Birds of Nebraska: Newspaper Accounts, 1854-1923

June 11, 1916. Omaha Sunday Bee 45(52): 15-A.

The City Back-Yard Bird Sanctuary

When I think of the new Fontenelle forest reserve, for the protection of the birds, and as a home and sanctuary for them, it seems like a kind of a bird dream place; a bird heaven; an ideal plan that has actually and amazingly come true. The birds that live in this wonderful place, correspond to the earth folk whose lines are cast in the pleasantest spots. They fly through the shady glades, and nest in the quiet woods. Their lives are not disturbed, and they will be helped in summer with baths of fresh water, and in winter feeding stations will doubtless be established. The birds whose stars lead them to this peaceful haven will be the blest among our feathered friends. It is quite fitting that the dedication of the reserve, on June 17 should be given over to the performance of Percy Mackay's bird masque, in which the birds for the time become symbolic, and are endowed with the gift od speech, and are able to communicate with us humans in our own language. I understand that the cardinal is to make a commemorative speech written by a poetess of Omaha and interpreted for this special occasion.

When one contemplates great riches the thought also comes of more moderate privileges and accommodations. I would certainly call the Fontenelle forest reserve a bird heaven. Not all humans, and not all birds reach heaven. I have in my mind at this moment the city back yard bird sanctuary with a modest garden plot and with a few large trees as a working basis. My own little garden in Omaha adjoins my neighbors; with the two yards we have quite a park-like space. One afternoon we combined forces and made a cement ground bath in Miss M.'s yard, as she had the most open and available lawn. In this bath, which is well away from all shrubbery, we counted fifty birds in two hours, on a hot afternoon. There is a most fascinating family of robins, mother, father and five babies, and they all hop in together. It is a most engaging sight. For those who care to know about it, there is a place on Seventeenth and Cuming streets, where plain saucer-shaped cement bird baths may be had in three sizes. This is not in the nature of an advertisement, but because I have heard so many people asking where inexpensive bird baths could be bought. My interest centers entirely in the wish that the baths and the birds may get together.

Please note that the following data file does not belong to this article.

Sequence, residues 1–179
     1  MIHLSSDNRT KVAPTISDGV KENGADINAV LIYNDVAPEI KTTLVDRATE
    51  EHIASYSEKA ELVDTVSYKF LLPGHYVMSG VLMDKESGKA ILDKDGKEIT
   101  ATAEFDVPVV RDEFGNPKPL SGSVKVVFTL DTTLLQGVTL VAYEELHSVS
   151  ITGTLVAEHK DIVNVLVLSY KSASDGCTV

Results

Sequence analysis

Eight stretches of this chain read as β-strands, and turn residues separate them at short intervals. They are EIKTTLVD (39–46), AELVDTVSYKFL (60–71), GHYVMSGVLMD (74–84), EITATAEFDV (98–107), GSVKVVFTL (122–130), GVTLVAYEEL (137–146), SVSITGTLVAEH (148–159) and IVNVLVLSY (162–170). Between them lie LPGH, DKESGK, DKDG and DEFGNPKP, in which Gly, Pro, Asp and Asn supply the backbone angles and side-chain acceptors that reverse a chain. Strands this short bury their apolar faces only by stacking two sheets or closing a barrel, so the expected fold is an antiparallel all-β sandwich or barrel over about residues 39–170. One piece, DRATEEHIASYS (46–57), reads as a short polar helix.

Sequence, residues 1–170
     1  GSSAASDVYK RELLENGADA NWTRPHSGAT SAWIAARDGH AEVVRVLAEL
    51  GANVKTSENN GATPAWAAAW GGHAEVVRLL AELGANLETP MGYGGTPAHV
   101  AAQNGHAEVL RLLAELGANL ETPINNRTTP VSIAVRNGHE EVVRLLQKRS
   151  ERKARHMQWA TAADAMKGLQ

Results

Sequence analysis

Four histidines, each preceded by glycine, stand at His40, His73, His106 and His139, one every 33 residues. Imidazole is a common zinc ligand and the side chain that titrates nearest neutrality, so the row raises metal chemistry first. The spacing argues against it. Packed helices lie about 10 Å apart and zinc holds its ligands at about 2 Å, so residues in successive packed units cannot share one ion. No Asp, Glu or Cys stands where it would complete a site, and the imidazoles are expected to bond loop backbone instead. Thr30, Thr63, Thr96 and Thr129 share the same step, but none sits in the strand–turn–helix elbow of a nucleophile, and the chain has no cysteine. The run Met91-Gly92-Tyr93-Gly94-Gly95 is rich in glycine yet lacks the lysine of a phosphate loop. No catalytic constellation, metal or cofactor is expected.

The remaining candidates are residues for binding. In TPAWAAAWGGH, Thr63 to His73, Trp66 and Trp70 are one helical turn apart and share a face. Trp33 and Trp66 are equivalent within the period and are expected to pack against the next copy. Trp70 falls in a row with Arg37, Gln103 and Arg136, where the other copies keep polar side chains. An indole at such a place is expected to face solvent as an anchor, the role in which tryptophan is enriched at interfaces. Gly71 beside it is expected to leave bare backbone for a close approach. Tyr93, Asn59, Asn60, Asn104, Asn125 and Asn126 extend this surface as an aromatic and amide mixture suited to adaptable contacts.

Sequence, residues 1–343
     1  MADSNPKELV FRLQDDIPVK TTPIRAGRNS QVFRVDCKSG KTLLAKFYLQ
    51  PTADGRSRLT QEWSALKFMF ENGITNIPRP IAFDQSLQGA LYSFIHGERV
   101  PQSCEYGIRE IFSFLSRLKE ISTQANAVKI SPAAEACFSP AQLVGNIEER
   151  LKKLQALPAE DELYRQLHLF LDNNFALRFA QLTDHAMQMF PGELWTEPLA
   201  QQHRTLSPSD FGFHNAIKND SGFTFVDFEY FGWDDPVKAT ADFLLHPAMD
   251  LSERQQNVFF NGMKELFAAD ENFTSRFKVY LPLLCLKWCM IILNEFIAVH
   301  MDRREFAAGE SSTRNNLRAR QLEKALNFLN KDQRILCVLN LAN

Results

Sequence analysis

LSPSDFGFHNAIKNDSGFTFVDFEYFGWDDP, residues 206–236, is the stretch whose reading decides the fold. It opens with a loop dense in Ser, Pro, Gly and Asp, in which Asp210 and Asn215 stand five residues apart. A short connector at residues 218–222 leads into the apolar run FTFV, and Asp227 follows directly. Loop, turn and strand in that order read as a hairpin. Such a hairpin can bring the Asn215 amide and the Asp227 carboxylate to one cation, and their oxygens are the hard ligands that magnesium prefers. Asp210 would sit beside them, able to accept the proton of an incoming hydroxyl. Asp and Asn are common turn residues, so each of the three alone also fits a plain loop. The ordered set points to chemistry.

In the big plum tree and in the baths we have little brown thrashers. (I like the name red mavis better). Blue birds, cat birds, gold finches, chipping sparrows, chickadees, wrens, rose-breasted grosbeaks, humming birds, blue jays, pigeons and robins. The English sparrow goes without saying: Poor little unwelcome visitor! A bird came one day and bathed in my little bowl bath, which I did not know at all. From my description Miles Greenleaf said it was a hermit thrush, but I would never dare put in print that we had a hermit thrush in our back yard!

The birds like very much a Russian mulberry tree and they appreciate any tidbits like bread crusts or pieces of apple and seeds. Even in the summer. Alas! I know they like strawberries and cherries. Those little baby robins are in the strawberry patch half the time. They play around like a family of kittens and will come within a foot or two of us. We hope eventually to entice them into taking a worm from our hands; so far they haven't quite dared risk it. It's fully as hard for us to hold the angle worm as for the little robin to muster up courage to help himself.

Speaking of cats, we do not poison them or trap them, but we do get after them unmercifully with a good stout broom whenever they show their noses. The system seems effective. Cohunkus also lives in our back yard. He is a chameleon bought at Geisler's by my small nephew, who entirely gave up on the number of flies he had to catch to keep this doubtful pet happy. We hope Cohunkus is catching bugs successfully for himself. Anyway he has been given a chance at bugdom.

There are large sanctuaries and small sanctuaries. it is sure that a small plot faithfully equipped and guarded will find favor in the eyes of the One who notes even the sparrow's fall.

Mary Learned.